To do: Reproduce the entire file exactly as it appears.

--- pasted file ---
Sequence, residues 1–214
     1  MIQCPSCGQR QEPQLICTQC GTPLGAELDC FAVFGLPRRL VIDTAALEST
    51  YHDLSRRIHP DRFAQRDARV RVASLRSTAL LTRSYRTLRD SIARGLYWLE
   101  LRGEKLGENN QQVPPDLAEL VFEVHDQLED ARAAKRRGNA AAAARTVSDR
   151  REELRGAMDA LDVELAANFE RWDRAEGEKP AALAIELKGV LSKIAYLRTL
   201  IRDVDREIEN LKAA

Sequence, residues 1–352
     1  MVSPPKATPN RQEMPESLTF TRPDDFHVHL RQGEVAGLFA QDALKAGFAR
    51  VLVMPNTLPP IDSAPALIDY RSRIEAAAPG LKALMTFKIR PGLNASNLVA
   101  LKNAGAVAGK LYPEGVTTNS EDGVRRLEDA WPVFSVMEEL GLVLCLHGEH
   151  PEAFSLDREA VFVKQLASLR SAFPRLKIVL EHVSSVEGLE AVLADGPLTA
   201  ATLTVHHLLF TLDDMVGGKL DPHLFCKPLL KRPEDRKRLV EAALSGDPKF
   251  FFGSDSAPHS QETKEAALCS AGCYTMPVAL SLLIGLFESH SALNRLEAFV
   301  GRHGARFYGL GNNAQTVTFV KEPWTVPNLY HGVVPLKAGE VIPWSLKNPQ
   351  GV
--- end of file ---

Sequence, residues 1–214
     1  MIQCPSCGQR QEPQLICTQC GTPLGAELDC FAVFGLPRRL VIDTAALEST
    51  YHDLSRRIHP DRFAQRDARV RVASLRSTAL LTRSYRTLRD SIARGLYWLE
   101  LRGEKLGENN QQVPPDLAEL VFEVHDQLED ARAAKRRGNA AAAARTVSDR
   151  REELRGAMDA LDVELAANFE RWDRAEGEKP AALAIELKGV LSKIAYLRTL
   201  IRDVDREIEN LKAA

Sequence, residues 1–352
     1  MVSPPKATPN RQEMPESLTF TRPDDFHVHL RQGEVAGLFA QDALKAGFAR
    51  VLVMPNTLPP IDSAPALIDY RSRIEAAAPG LKALMTFKIR PGLNASNLVA
   101  LKNAGAVAGK LYPEGVTTNS EDGVRRLEDA WPVFSVMEEL GLVLCLHGEH
   151  PEAFSLDREA VFVKQLASLR SAFPRLKIVL EHVSSVEGLE AVLADGPLTA
   201  ATLTVHHLLF TLDDMVGGKL DPHLFCKPLL KRPEDRKRLV EAALSGDPKF
   251  FFGSDSAPHS QETKEAALCS AGCYTMPVAL SLLIGLFESH SALNRLEAFV
   301  GRHGARFYGL GNNAQTVTFV KEPWTVPNLY HGVVPLKAGE VIPWSLKNPQ
   351  GV